Telecom has abandoned its huge customer sales and service (CS&S) project, citing lack of continuing business benefit.
Though the project was originally estimated at around $50 million, sources within Telecom say the actual spending to date has been more than $100 million. Neither Telecom nor partner Oracle was prepared to comment on costs.
“It’s not a technology decision,” says spokesman Angus Barclay. “We called a halt based on business terms. It was not looking so good for the future.
“We’re looking at other ways to automate,” Barclay says.
Stuart McLean, Oracle general manager telecommunications Australia and New Zealand, says Oracle will forego a lot of revenue, which will affect both the Australian and New Zealand subsidiaries as well as Oracle corporate.
However, Telecom had bought the necessary Oracle licences last year.
When the deal was announced in 1996, Oracle chief executive Larry Ellison named it as one of seven key deals signed by Oracle that financial year. It made Telecom one of Oracle’s top 20 accounts worldwide.
“Telecom made its decision based on EVA [economic value-add],” McLean says. “We were proactive in getting them to the point where they could make that decision. We worked with them during the project and delivered the business benefits to date. Now we’ll redeploy our resources.” He says at last count Oracle had 20-30 people working on the CS&S project.
McLean points out that as part of the project Oracle delivered a data warehouse late last year on time and within budget. Telecom will get benefits out of the work to date, he says. “We used Designer 2000, and a lot of analysis was done up front. We delivered a technology infrastructure that allows them to develop open systems applications into the future.”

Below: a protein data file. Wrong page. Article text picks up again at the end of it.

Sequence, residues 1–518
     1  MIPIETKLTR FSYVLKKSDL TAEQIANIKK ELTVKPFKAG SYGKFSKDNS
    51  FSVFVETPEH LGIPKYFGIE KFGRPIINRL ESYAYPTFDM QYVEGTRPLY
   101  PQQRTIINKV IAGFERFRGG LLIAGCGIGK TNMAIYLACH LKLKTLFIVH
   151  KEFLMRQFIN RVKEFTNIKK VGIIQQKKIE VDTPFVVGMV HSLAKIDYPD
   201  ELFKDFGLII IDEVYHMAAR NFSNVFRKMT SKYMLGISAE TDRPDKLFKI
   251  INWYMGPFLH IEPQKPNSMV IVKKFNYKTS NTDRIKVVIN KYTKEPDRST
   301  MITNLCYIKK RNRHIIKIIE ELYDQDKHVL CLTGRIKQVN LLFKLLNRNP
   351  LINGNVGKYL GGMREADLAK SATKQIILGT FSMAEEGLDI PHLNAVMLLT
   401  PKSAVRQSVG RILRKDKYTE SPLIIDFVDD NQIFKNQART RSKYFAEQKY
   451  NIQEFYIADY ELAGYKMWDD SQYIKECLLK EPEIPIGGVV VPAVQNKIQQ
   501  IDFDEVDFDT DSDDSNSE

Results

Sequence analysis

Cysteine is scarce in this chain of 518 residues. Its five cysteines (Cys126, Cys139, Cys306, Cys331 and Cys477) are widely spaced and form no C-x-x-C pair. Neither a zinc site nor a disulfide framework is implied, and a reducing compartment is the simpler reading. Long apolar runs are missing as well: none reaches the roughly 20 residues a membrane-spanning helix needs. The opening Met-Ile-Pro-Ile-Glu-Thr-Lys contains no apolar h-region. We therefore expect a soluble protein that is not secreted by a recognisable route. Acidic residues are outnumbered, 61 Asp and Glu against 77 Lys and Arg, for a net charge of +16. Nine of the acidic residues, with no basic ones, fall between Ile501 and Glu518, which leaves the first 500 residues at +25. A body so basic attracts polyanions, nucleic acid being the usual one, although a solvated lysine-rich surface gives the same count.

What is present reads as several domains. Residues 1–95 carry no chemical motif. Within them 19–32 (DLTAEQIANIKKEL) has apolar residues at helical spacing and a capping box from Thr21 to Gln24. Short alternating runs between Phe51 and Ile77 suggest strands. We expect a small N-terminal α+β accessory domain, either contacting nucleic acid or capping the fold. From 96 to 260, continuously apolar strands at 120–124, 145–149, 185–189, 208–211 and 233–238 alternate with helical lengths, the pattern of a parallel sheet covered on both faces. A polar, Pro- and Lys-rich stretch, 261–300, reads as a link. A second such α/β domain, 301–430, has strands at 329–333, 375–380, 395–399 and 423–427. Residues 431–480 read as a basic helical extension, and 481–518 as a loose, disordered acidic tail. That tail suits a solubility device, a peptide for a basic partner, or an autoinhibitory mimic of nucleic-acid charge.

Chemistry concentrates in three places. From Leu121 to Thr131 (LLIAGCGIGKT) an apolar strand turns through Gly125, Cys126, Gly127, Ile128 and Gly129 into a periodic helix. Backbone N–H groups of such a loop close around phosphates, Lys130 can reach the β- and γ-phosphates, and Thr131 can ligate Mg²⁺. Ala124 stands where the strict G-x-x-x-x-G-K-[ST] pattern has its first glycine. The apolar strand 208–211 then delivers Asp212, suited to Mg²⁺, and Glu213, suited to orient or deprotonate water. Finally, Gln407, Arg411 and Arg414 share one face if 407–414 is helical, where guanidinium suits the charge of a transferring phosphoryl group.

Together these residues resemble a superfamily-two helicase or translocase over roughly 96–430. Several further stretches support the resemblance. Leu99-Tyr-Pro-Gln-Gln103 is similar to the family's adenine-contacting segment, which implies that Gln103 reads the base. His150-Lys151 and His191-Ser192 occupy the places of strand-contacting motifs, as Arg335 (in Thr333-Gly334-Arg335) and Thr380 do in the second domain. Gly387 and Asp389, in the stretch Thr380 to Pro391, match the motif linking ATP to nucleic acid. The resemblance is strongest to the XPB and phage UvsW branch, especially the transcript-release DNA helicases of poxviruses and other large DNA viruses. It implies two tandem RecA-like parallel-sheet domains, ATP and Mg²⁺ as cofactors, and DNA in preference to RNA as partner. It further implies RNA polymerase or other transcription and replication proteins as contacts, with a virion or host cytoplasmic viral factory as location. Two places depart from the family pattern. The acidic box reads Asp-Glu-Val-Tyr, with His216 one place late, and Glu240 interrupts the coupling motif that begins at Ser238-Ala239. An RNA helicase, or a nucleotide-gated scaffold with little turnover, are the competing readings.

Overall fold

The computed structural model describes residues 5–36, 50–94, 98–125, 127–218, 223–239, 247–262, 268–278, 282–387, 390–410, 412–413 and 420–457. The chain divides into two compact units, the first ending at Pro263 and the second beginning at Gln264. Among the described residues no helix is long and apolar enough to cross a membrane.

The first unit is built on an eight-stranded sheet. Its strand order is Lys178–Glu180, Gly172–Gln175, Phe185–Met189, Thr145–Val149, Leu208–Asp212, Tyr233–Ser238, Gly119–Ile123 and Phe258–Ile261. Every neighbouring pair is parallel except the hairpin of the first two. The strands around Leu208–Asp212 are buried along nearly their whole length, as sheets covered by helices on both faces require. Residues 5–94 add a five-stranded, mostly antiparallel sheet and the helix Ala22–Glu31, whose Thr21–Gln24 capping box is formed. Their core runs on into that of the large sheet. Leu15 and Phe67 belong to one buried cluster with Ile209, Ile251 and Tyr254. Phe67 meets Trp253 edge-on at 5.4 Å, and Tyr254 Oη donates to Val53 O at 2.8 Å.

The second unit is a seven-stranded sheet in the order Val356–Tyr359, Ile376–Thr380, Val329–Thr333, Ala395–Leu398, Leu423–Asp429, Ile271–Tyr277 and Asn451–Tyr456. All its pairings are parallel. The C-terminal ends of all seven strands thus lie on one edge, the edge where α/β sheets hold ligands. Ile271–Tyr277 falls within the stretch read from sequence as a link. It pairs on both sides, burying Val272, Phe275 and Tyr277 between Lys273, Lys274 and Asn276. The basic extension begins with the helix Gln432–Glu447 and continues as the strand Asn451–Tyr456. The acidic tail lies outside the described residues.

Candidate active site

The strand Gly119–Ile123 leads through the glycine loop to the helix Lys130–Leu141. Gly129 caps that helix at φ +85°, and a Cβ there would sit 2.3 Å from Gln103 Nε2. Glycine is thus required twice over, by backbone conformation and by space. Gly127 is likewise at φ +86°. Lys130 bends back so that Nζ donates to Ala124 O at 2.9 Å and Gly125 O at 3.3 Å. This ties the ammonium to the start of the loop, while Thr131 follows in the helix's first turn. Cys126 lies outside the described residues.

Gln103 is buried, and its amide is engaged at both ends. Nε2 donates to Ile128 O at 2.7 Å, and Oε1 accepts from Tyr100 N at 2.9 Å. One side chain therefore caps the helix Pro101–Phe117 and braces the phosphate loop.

Sources within Telecom say this may not be the case because business requirements have changed massively since the original specifications were done.
The CS&S project had been process-driven with extremely complex methodologies. A new — as yet undecided — architecture will have to be put in place.
New IT boss Karen Devonshire is understood to be returning the business to former CEO Peter Troughton’s technical vision: one of connected software packages. She’s expected to move to rapid evaluation and selection within a couple of months.
CS&S is understood to have been a major bone of contention under the Performance 2000 project, which set absolute limits on budgets. The central project had grown to include other projects, which, in part, led to the greatly increased expenditure.
“Telecom should have walked from CS&S some time ago,” a source says.
The need for open systems was the reason Telecom chose Oracle in the first place, displacing technology partner IBM, whom Telecom decided after months of debate was “less open” than Oracle.
Worldwide, telcos have moved toward open systems, based on a perception that only open systems will allow them to keep up with the rapid change occurring in the industry. However, Telecom has probably been as much to the forefront as anyone.
To some extent it may have suffered from intervention of its American shareholders, Ameritech and Bell Atlantic, influencing some of the technology directions at director level.
Ameritech has announced it is selling its shareholding, and Bell Atlantic is using its shareholding as collateral to raise funds. What seems to have been forgotten is that both came into Telecom as short-term investors. And they’ve done very well financially. Whether they added anything in terms of strategic partnerships for the longer term is a moot point.